The U.S. sanctioned Kolomoisky and investigated him for alleged fraud and money laundering. He may have been stripped of his Ukrainian citizenship last summer.

Apartments and other property in Paris bought in 2018 are owned by companies called Beethoven VI and Beethoven III. Both were established by the Chertok-owned Beethoven Holding, an entity from Monaco — a famous tax haven, according to the investigation.

Château de Buffavens and its 109,000 square meters of territory, are owned by SCI DE Buffavent, a company created by another one of Chertok’s Monaco firms, Lully Real Estate.

Chertok’s company bought the chateau in 2014 from Oksana Palytsia, the wife of Ihor Palytsia, Kolomoisky’s reported business partner at the time, according to the investigation.

Chertok also reportedly owns a chalet named Panda at the highest and most expensive part of Courchevel ski resort in France.

Read the full story in the Ukrainian language via the link.

OCCRP: Cyprus company helps sanctioned Russian oligarch move funds

Russian oligarch Konstantin Malofeev allegedly dodged sanctions with the help of a Cypriot corporate services firm, the Organized Crime and Corruption Reporting Project (OCCRP) reported.

Malofeev was able to shift tens of millions of dollars worth of debt between his shell companies, helped by a trust provider from Cyprus, which got him around the U.S. and the EU sanctions imposed on him, leaked documents revealed.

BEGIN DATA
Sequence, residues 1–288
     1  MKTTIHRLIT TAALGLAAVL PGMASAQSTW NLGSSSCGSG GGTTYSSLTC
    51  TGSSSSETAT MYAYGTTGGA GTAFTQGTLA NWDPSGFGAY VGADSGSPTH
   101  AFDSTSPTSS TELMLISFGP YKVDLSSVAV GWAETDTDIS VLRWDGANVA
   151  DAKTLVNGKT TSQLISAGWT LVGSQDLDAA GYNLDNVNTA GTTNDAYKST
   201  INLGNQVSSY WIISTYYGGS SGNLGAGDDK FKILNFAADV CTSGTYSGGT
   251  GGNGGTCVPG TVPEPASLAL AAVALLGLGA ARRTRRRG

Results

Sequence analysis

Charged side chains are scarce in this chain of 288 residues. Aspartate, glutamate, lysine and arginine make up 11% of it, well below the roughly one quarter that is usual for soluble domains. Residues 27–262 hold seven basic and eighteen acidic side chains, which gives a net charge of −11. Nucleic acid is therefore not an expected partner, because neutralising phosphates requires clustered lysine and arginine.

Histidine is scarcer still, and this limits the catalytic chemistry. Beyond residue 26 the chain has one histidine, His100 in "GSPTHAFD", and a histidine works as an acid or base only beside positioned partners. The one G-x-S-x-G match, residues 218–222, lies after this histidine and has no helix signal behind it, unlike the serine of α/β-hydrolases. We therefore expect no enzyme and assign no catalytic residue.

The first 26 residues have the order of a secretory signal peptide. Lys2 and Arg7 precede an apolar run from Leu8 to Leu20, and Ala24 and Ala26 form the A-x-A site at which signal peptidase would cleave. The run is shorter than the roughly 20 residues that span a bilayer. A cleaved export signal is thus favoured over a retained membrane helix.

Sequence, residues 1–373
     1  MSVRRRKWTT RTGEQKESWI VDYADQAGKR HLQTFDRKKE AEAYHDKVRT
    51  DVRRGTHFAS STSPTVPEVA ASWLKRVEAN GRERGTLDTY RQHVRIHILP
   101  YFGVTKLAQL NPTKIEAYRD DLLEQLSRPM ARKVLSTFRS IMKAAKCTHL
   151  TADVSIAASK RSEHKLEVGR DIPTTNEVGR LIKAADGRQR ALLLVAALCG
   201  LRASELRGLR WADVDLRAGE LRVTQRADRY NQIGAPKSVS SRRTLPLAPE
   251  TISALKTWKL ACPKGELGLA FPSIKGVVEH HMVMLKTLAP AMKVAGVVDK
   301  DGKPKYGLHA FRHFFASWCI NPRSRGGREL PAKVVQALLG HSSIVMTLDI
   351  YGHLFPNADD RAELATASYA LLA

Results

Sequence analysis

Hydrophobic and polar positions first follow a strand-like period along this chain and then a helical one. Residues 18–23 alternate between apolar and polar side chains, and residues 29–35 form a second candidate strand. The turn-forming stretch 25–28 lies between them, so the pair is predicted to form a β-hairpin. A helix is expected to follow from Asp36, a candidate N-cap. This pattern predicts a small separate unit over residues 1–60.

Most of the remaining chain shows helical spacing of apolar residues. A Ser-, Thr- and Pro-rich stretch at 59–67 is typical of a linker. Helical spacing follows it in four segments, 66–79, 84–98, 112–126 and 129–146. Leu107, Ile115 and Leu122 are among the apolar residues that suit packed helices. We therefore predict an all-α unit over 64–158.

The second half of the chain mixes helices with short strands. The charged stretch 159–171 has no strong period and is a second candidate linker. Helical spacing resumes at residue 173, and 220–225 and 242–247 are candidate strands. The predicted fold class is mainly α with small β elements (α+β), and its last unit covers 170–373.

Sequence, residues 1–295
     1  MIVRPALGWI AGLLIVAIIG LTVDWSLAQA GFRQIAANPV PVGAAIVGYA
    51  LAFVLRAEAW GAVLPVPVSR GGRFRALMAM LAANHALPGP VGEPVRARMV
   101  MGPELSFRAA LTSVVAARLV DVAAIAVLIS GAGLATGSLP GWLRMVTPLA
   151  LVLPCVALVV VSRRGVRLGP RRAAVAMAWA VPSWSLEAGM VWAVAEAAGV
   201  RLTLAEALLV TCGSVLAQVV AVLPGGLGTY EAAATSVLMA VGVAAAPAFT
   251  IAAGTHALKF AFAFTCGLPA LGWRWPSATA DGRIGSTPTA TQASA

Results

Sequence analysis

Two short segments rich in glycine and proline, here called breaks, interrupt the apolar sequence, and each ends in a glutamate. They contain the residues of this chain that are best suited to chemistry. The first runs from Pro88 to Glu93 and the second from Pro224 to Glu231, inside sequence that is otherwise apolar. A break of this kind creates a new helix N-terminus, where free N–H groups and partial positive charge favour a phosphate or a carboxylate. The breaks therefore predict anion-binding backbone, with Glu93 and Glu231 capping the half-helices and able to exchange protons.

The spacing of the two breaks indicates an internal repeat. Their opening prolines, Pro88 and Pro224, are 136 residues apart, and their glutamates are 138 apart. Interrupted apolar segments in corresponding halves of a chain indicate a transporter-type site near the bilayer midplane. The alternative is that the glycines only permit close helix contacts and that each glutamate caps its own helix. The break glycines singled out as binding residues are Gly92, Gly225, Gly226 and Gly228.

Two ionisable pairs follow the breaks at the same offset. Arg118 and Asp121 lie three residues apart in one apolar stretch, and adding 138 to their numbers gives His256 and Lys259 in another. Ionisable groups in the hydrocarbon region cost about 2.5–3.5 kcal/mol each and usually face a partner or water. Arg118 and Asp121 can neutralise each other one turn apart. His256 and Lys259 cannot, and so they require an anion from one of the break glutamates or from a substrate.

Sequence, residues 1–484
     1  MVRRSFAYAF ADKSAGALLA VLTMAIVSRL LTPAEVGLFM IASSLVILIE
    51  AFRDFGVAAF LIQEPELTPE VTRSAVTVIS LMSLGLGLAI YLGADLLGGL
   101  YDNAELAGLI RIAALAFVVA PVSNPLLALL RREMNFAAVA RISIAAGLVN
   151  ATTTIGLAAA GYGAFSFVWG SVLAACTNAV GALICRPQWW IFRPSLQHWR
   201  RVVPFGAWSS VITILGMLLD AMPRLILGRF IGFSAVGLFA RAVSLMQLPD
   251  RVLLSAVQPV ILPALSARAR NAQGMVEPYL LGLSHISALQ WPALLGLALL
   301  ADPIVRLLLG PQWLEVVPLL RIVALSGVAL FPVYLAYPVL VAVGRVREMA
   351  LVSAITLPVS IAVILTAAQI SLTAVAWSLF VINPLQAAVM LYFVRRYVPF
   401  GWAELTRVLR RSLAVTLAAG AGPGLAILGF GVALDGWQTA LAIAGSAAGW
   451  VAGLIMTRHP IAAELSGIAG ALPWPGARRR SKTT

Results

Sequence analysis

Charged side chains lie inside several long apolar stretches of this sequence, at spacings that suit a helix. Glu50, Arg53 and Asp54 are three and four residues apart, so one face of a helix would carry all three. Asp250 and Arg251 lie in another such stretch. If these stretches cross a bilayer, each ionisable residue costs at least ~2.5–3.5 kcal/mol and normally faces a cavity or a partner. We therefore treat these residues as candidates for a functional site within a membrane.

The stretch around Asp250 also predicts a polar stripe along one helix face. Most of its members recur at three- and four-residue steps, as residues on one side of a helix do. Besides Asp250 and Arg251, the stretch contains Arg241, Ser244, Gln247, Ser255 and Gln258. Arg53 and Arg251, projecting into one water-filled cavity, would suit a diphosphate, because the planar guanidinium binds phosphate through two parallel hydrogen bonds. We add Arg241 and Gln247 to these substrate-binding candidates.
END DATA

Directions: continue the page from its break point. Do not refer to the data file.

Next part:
In 2014, the U.S. and EU blacklisted Malofeev, founder of Russia’s propaganda outlet Tsargrad TV, for financing Russian-backed proxies in eastern Ukraine.

Cyprus is known for not being strict when it comes to enforcing sanctions.

Companies in the EU are prohibited from doing business with people under EU sanctions, but one Cypriot company kept working with Malofeev, according to leaked documents.

Back in 2005, Malofeev established a company, Tinello Investments Limited through the Cypriot corporate services provider MeritServus. An agreement was made for a subsidiary of MeritServus, called FinServus, to manage Tinello on Malofeev’s behalf.

From 2014 to as late as 2017, MeritServus helped Malofeev shuffle millions in loans between Tinello and his other entities.

Tinello and MeritServus may have violated sanctions, experts told OCCRP.

The U.K. imposed sanctions on MeritServus and its managing director for acting on behalf of Roman Abramovich, an oligarch from the Kremlin inner circle. OCCRP reported on MeritServus’ link to Abramovich in January.

Read the full story in English here.

Washington Post: Kremlin influences anti-war coalition in Germany to oppose support for Ukraine

Russia has reportedly tried to foster a coalition between Germany's far-left and the far-right to oppose support for Ukraine and encourage negative attitudes toward the West, according to The Washington Post.

The Post reviewed the Kremlin’s papers on recorded meetings among its officials and Russian political strategists on how to unite the Left Party and the far-right Alternative for Germany (AfD) on pro-Russian narratives.